A number of GP-led restructurings have made headlines this year, including a recent deal between HarbourVest Partners and Portobello Capital which saw seven portfolio companies rolled over into a new fund managed by Portobello, with HarbourVest becoming the majority LP.
Such deals can take up to 18 months and may ultimately fail if existing LPs in the fund cannot agree to new terms. Also, some LPs haven’t been open to giving a fund new terms and resetting carry.
Mark McDonald, who leads the secondary advisory business for Credit Suisse’s private fund group in EMEA and Asia, says the stigma around GP-led restructurings has lifted in recent years.
“LPs have been somewhat sceptical about the motivation of both the GP and the adviser in certain cases and unless a clear value proposition exists to all stakeholders in a transaction, this scepticism is understandable,” he says.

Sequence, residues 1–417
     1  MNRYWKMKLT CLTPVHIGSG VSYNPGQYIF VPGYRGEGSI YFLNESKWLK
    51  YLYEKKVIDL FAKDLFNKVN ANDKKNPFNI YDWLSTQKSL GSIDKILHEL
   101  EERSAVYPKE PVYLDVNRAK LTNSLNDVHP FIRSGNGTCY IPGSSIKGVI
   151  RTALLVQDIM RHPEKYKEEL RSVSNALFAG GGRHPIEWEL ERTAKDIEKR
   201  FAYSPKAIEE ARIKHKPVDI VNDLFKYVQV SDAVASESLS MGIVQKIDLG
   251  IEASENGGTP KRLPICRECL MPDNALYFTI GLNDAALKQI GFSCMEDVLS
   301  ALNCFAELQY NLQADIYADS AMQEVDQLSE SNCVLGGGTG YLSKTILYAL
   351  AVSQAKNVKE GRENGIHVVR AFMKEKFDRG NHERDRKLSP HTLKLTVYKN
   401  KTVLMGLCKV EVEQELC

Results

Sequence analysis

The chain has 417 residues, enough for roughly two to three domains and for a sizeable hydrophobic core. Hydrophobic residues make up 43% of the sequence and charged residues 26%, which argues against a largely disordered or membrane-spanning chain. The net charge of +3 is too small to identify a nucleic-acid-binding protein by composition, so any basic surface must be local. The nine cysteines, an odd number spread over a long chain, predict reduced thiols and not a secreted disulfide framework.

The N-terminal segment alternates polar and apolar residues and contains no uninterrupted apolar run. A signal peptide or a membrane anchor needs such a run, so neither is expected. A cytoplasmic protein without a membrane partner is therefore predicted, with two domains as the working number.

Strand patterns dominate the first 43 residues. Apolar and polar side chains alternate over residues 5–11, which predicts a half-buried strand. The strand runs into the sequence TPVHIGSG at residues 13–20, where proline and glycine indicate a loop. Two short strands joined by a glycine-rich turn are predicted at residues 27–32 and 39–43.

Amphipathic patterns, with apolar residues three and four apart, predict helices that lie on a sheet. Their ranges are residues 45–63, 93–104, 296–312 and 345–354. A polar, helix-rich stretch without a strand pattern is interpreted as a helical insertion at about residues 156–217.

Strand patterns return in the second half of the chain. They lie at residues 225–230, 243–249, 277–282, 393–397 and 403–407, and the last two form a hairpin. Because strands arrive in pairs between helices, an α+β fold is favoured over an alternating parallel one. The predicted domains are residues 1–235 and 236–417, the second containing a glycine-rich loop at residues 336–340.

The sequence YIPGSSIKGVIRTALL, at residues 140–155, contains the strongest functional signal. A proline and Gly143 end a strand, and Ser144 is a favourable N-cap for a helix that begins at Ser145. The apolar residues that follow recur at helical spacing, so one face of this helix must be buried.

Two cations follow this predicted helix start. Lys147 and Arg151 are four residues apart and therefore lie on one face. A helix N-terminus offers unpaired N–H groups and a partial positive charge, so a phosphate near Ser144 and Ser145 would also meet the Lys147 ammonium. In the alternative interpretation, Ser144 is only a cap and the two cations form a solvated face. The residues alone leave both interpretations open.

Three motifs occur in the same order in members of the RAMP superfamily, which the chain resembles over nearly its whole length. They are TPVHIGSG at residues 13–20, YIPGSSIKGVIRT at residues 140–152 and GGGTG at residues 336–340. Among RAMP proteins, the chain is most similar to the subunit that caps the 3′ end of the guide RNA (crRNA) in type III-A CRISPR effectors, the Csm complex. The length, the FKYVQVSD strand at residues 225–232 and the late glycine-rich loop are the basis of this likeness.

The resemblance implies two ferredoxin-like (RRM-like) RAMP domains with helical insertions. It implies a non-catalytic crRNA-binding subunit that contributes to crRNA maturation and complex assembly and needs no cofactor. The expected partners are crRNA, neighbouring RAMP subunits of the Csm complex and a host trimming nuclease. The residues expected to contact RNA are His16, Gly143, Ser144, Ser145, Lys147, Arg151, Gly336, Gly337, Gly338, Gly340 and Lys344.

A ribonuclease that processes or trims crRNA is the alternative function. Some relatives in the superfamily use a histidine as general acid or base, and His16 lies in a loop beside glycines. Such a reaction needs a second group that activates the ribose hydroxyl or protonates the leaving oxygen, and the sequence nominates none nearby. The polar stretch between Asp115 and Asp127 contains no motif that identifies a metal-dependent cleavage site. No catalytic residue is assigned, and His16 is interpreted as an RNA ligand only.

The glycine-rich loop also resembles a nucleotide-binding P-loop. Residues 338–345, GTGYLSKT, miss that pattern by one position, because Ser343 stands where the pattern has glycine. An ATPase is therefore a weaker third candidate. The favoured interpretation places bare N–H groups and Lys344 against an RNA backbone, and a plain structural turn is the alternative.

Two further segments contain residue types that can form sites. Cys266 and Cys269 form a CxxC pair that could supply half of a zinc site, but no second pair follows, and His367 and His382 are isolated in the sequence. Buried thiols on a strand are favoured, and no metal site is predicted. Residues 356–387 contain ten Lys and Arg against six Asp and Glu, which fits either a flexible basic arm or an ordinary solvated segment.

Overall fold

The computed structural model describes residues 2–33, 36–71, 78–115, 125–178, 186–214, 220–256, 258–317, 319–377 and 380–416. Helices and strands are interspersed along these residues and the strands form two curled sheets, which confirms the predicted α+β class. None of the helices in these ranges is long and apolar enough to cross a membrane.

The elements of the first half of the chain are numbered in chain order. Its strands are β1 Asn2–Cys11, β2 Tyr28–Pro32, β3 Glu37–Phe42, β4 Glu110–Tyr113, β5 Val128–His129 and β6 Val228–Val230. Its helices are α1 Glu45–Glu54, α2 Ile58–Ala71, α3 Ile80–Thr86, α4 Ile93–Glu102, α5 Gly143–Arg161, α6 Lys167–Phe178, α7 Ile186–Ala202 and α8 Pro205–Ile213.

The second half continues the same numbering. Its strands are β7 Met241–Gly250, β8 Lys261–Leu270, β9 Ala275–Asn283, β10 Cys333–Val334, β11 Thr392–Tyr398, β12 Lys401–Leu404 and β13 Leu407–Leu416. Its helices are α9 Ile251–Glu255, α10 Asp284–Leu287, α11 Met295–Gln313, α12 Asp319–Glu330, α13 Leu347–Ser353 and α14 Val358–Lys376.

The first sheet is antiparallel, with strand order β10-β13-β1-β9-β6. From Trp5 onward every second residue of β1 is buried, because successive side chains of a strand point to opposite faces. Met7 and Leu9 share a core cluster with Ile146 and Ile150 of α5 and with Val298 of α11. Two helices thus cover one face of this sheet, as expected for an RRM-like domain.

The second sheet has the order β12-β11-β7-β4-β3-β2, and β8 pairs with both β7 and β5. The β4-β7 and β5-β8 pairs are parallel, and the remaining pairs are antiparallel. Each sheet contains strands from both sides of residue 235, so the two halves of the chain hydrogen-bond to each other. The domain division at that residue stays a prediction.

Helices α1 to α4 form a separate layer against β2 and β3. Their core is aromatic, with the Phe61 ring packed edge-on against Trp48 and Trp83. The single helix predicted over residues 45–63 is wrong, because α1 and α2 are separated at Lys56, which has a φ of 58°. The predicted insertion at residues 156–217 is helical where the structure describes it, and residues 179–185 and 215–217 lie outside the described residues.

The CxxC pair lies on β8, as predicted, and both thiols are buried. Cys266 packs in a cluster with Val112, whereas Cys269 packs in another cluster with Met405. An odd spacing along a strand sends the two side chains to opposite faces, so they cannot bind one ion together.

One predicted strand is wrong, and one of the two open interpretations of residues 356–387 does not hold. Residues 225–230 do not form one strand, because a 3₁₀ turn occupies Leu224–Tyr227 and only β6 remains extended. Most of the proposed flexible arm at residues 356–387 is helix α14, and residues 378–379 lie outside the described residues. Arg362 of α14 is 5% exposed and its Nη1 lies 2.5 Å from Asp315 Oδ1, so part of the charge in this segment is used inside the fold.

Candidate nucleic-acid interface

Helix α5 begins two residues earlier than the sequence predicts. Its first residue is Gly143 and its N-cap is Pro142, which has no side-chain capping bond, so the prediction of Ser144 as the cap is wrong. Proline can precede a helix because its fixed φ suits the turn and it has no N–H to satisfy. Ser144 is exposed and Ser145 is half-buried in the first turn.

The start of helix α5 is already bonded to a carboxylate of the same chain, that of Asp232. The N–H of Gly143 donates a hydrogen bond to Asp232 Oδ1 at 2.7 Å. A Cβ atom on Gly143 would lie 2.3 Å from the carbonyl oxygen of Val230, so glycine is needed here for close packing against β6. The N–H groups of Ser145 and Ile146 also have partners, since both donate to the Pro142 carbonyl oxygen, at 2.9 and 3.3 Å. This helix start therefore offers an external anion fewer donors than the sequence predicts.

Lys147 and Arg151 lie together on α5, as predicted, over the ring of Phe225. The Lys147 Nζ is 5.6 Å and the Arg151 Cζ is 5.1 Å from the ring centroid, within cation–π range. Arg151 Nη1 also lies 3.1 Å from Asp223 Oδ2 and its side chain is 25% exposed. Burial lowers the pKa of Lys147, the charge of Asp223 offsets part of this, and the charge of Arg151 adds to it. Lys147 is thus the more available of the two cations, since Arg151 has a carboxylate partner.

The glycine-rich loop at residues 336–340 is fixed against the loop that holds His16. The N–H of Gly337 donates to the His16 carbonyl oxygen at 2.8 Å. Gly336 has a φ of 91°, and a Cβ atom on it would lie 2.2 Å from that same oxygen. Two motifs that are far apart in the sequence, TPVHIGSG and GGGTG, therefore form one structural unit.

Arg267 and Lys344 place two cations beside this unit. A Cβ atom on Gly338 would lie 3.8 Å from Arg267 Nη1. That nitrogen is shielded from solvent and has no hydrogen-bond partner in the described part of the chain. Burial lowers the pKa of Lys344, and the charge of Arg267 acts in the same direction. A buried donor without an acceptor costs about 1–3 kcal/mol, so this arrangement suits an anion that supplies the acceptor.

The key to executing successful GP-led deals is working with both GPs and LPs to examine the underlying assets.
“We’ve taken a pragmatic, principal investment approach to this market. We’re doing a lot of upfront due diligence on the GP, the assets and the investor base and designing a bespoke process, in consultation with the advisory board and LPs, before considering launching a process. This is the only way you can build-in trust and certainty, by taking on all the constituent stakeholders’ views and solving for them,” says McDonald.
Ironing out potential issues and aligning interests before beginning a GP-led deal allows Credit Suisse to streamline the process, according to McDonald, who says the firm has worked on 22 GP-led transactions over the last 18 months. He sees these deals gaining credibility as a liquidity solution, especially in Asia where deal flow has grown from 5 percent to 20 percent over the last five years for his firm.
This story was initially published in Private Equity International.